Exposure to low dosage of aflatoxin overtime leads to chronic aflatoxicosis that leads to poor feed conversion and stunting growth in children, immune suppression, and reduction in life expectancy [10]. Exposure to high aflatoxin doses that are greater than 1000 ppb leads to acute aflatoxicosis, within a relatively short time, which is characterized by liver damage, hepatitis, and, in some cases, death [11]. The International Agency for Research on Cancer (IARC) documented aflatoxin B1 as the most lethal and classified it as probable human carcinogen [12]. However, only 40–50% of A. flavus strains can produce the toxins [13] and hence there is need to distinguish the toxic from the nontoxic ones.

Morphological classification is one of the ancient means of distinguishing the species in Aspergillus section Flavi, though it lacks precision owing to close resemblance of these species [14]. It is, however, necessary in aiding the grouping of Aspergillus isolates into sections which allows easier scrutiny using advanced characterization methods such as molecular and biochemical tools [15]. Morphological classification employs the use of numerous available taxonomical keys for Aspergillus species identification at macroscopic and microscopic levels [16]. The keys delineated features such as conidia, conidiophore, mycelial colour, colony reverse colour, colony diameter, exudates production, and the sclerotia and cleistothecia formation for macroscopic characterization [17, 18]. The microscopic characterization depends on vesicles shape, size and seriation, stipe, hülle cells formation, and cleistothecium [1719].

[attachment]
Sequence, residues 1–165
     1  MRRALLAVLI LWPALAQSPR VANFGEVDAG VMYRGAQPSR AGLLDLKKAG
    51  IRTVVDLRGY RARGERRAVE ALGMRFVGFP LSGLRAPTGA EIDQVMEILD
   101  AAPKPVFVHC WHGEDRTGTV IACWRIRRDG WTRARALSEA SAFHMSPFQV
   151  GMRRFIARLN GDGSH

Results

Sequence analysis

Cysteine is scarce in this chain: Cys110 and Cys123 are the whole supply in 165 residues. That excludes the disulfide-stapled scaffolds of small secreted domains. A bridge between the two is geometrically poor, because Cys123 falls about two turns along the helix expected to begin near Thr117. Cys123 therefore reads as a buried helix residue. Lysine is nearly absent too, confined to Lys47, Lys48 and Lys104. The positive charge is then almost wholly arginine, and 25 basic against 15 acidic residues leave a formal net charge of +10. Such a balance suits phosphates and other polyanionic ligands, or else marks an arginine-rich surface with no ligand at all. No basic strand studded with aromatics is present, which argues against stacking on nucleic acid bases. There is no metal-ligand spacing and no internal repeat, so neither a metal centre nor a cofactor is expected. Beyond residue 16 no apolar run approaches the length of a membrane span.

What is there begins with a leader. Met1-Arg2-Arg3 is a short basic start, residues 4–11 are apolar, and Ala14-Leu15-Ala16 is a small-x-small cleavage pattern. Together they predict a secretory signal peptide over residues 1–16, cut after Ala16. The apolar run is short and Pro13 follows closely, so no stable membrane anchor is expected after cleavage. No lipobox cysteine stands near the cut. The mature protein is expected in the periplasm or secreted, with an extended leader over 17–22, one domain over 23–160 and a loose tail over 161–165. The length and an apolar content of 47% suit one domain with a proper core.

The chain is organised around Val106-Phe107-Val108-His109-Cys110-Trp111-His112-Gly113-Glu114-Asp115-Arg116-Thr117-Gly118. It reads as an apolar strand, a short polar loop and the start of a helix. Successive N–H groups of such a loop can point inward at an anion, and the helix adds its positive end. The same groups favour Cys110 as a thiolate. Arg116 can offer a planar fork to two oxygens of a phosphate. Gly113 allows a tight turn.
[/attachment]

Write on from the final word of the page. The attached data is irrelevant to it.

Morphological similarities at both interspecific and intraspecific levels within the Aspergillus genera hamper the use of the morphology-based taxonomical keys for distinguishing the various species [19, 20], thus leading to inaccurate identification. In addition, the morphological methods are laborious, are time-consuming and require skilled microbiologists [19]. A complex mycobiota contains numerous compounds and possibly species that may hinder sensitivity and efficiency of detection of specific species. Molecular approach involving amplification of the variable regions of the known DNA target followed by sequencing is an appropriate molecular approach for identification of closely related members of the Aspergilli [15, 21]. However, morphological characterization is instrumental in categorizing the isolates into groups or sections that may thereafter be cultured for easier and specific diagnosis in pure culture by other methods.